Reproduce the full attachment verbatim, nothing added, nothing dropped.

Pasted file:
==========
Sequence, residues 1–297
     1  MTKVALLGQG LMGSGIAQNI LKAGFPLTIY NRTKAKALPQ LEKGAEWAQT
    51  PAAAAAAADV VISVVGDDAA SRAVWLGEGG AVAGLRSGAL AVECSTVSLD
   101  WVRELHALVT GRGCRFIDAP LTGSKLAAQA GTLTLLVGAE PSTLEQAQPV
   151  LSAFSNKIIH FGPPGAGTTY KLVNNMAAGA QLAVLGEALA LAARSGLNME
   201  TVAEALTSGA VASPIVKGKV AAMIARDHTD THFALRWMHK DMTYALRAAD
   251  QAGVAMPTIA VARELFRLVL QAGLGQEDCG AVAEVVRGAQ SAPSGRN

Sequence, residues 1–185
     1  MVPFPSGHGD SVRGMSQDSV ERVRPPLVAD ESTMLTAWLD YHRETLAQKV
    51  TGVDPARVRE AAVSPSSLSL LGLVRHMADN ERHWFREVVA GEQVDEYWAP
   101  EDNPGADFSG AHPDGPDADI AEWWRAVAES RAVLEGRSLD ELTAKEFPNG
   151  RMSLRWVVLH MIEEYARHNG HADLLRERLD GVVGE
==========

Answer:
Sequence, residues 1–297
     1  MTKVALLGQG LMGSGIAQNI LKAGFPLTIY NRTKAKALPQ LEKGAEWAQT
    51  PAAAAAAADV VISVVGDDAA SRAVWLGEGG AVAGLRSGAL AVECSTVSLD
   101  WVRELHALVT GRGCRFIDAP LTGSKLAAQA GTLTLLVGAE PSTLEQAQPV
   151  LSAFSNKIIH FGPPGAGTTY KLVNNMAAGA QLAVLGEALA LAARSGLNME
   201  TVAEALTSGA VASPIVKGKV AAMIARDHTD THFALRWMHK DMTYALRAAD
   251  QAGVAMPTIA VARELFRLVL QAGLGQEDCG AVAEVVRGAQ SAPSGRN

Sequence, residues 1–185
     1  MVPFPSGHGD SVRGMSQDSV ERVRPPLVAD ESTMLTAWLD YHRETLAQKV
    51  TGVDPARVRE AAVSPSSLSL LGLVRHMADN ERHWFREVVA GEQVDEYWAP
   101  EDNPGADFSG AHPDGPDADI AEWWRAVAES RAVLEGRSLD ELTAKEFPNG
   151  RMSLRWVVLH MIEEYARHNG HADLLRERLD GVVGE